Drug Policy Alliance executive director Ethan Nadelmann recently gave an excellent TED talk on the failed war on drugs. In it, he rightly describes the near-global adaptation of the US’s drug policy model as the international projection of a domestic psychosis about drug use, and urges for sensible drug policy and for the treatment of drug abuse as a medical issue, not a criminal one — changes that couldn’t come soon enough.
Certainly, significant progress is being made in the legalization of cannabis, with Oregon, Alaska, and Washington D.C. recently joining the list of states in which cannabis is legalized and regulated. However, Nadelmann notes the disproportionate amount of prisoners in the US population, which has approximately 5% of the world’s population and almost 25% of the world’s prison population. Regrettably, many of these prisoners are behind bars for victimless drug crimes that often receive penalties far harsher than those handed out for violent crimes. Hopefully future legalization efforts will involve granting pardons for victimless drug crimes.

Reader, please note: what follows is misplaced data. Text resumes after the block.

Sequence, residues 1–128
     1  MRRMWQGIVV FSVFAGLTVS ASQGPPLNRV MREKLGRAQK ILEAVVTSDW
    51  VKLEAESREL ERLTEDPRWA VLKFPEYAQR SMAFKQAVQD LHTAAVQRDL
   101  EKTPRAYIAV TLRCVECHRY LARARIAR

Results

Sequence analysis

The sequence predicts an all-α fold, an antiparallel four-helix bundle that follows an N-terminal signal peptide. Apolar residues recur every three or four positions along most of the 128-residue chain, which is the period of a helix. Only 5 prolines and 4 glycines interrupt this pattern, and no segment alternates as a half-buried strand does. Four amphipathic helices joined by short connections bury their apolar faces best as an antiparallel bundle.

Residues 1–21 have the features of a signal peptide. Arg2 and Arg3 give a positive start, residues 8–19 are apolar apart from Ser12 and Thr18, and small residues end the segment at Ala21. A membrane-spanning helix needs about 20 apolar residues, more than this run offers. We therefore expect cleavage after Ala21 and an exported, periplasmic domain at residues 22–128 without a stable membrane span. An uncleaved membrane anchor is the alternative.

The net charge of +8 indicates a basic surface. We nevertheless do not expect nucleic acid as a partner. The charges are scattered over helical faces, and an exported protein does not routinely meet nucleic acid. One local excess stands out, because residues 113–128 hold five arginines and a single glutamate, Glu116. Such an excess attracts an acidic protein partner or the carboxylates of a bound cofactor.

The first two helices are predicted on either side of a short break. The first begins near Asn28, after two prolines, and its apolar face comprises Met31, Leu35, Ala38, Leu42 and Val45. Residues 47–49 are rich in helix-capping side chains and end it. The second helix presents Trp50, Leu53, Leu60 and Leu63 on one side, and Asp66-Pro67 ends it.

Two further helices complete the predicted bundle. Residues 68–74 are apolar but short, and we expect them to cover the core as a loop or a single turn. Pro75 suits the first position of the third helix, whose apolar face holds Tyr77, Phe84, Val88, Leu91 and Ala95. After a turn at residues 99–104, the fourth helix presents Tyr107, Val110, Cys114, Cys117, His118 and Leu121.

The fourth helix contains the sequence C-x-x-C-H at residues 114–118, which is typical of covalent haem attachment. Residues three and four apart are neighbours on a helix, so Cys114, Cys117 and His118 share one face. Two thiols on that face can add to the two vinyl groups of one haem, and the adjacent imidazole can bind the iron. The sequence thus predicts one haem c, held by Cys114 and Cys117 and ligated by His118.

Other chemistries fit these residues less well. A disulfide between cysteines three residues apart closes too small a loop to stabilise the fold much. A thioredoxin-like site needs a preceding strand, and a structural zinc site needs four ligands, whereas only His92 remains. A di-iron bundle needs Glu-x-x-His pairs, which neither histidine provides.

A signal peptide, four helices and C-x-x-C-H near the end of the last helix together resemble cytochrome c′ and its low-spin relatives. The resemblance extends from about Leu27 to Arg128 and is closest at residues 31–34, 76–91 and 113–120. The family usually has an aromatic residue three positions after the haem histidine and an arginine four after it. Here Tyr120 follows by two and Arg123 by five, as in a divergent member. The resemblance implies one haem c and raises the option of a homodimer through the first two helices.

Notable quotes from the talk:
“There’s probably never been a drug-free society. Virtually every society has ingested psychoactive substances to deal with pain, increase our energy, socialize, even commune with God. Our desire to alter our consciousness may be as fundamental as our desires for food, companionship, and sex. So, our true challenge is to learn how to live with drugs so that they cause the least possible harm, and in some cases, the greatest possible benefits.”
“The reason some drugs are legal and others not has almost nothing to do with science or health or the relative risks of drugs, and almost everything to do with who uses and who is perceived to use particular drugs.”
“If the principal smokers of cocaine were affluent older white men, and the principal consumers of Viagra were poor young black men, then smokable cocaine would be easy to get with a prescription from your doctor, and selling Viagra would get you 5-10 years behind bars.”